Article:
“-He [son] is beginning to reject school, to not want to do things that he usually did. I think that it was due to their [foster children] presence; (…) By now, no [keep fostering]. While our son is still young. Maybe, someday. When he changes. It depends on the foster child, she/he is older than him, if she/he does not need so much help, I am sure he [biological son] will accept it.” (exFFONG carer)
Although fostering presents challenges, the experience also has rewarding outcomes in everyday life. The return comes from the stakeholders involved, e.g., the foster child, her/his biological family, the support team, relatives, and friends. It is a reward system fed by different perspectives. Being recognised and loved by the foster child, as well as the child’s developmental achievements, seem relevant for carers. The opposite, however, when it occurs, makes the foster carers feel hurt. The compliments from society at large, from across the social network, and from the support team allow carers to feel satisfaction and reinforce the disposition to continue to foster.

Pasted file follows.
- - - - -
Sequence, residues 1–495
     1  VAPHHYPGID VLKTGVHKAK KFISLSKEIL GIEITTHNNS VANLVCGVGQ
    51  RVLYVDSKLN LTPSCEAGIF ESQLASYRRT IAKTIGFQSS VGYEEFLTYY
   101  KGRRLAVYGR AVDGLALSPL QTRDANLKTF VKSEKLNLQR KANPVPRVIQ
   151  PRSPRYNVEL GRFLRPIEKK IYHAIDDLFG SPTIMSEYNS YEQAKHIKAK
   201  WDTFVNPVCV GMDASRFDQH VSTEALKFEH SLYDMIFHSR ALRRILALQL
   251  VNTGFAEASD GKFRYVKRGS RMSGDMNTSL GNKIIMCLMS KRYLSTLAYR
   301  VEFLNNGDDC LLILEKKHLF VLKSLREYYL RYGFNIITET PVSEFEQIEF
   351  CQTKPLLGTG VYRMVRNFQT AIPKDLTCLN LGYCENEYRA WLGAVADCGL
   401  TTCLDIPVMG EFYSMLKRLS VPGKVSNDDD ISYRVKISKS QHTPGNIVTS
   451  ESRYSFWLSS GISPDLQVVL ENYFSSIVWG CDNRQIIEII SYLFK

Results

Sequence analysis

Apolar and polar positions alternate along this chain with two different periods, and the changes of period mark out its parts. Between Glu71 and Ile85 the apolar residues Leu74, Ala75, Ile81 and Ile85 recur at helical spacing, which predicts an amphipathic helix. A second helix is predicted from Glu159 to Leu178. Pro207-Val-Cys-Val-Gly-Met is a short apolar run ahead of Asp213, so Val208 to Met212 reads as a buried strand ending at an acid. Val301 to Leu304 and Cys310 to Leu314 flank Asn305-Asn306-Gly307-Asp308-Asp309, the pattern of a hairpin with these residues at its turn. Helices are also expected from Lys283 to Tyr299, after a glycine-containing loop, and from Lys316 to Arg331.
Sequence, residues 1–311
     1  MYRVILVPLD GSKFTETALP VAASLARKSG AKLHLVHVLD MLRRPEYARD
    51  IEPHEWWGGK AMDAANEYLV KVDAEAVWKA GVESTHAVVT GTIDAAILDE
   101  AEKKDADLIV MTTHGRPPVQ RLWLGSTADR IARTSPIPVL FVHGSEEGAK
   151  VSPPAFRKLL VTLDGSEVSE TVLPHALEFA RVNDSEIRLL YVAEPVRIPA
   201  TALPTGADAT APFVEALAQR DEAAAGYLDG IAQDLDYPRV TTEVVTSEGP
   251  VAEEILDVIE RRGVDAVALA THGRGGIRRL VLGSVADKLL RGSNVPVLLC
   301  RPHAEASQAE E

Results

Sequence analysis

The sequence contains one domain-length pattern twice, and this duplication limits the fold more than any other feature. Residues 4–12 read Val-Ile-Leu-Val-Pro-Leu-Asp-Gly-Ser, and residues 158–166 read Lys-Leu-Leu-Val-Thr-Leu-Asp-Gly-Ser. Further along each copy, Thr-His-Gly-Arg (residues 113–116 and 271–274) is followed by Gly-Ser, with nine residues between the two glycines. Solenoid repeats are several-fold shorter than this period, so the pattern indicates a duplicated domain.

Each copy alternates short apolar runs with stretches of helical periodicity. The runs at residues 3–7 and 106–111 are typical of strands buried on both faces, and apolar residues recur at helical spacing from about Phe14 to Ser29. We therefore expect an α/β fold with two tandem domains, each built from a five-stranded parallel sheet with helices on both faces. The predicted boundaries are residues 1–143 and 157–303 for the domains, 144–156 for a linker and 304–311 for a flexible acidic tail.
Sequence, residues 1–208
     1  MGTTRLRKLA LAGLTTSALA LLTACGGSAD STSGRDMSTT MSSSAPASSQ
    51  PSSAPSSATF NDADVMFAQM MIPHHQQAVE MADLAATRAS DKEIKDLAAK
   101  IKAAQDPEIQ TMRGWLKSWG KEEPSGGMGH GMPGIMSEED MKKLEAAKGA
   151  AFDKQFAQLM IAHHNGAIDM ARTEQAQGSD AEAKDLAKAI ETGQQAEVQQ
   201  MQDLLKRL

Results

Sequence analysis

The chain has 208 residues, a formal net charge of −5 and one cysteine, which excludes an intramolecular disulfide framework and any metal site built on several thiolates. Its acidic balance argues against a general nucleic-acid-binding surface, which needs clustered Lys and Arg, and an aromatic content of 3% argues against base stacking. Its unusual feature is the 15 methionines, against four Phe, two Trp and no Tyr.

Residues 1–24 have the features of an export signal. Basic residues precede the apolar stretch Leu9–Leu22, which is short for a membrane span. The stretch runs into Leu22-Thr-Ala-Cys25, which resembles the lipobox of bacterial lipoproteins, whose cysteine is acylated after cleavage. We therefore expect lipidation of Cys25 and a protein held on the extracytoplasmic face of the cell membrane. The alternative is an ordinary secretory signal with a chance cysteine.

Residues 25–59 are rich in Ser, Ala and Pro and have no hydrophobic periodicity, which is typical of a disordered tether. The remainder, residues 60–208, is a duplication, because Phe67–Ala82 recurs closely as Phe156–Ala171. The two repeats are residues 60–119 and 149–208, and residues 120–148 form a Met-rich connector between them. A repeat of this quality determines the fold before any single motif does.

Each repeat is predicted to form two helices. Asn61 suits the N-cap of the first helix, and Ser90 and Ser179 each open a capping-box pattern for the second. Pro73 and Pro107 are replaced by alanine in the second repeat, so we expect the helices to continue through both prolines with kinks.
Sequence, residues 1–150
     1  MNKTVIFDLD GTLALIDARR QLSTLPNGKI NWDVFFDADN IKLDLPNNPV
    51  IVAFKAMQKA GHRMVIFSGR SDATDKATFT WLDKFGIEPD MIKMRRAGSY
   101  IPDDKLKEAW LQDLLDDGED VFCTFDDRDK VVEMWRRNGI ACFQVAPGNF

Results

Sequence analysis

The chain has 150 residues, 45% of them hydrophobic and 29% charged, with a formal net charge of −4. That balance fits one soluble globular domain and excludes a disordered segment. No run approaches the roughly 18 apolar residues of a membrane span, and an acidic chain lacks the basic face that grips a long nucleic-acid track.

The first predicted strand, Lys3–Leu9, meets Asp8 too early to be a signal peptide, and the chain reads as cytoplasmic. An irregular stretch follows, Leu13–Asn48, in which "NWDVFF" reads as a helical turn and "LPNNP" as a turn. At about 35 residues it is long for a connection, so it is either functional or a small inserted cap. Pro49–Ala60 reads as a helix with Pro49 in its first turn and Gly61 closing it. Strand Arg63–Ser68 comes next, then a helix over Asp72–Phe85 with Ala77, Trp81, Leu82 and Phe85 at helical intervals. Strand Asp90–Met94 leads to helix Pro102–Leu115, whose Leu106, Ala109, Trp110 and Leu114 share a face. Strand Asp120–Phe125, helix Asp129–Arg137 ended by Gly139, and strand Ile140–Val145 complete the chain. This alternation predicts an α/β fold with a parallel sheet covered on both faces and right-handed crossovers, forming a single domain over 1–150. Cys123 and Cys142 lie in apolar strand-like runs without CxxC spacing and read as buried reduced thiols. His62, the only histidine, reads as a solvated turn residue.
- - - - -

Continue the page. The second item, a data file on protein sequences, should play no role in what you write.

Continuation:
“when he [foster child] told me ‘I ‘d rather you be my mother… because it makes us feel good’, it evidences that he is really good here, he feels good. (…) his smile is enough!” (FFONG5 carer, family support worker, 42 years old)
“I was sad [with the foster child], I am still. I don’t regret anything, but I am hurt. I never thought that she could tell me ‘I am tired of being here’… there is no reason. We just wanted her to be grown up.” (exFFCPCJ carer, teacher, 38 years old)
“Congratulations, I have known that you are fostering a child. It must be courage.” (FFONG2 carer, school worker, 41 years old)
“They [the social workers] trust me a lot, and they must!” (FFSS2 carer, domestic servant, 62 years old)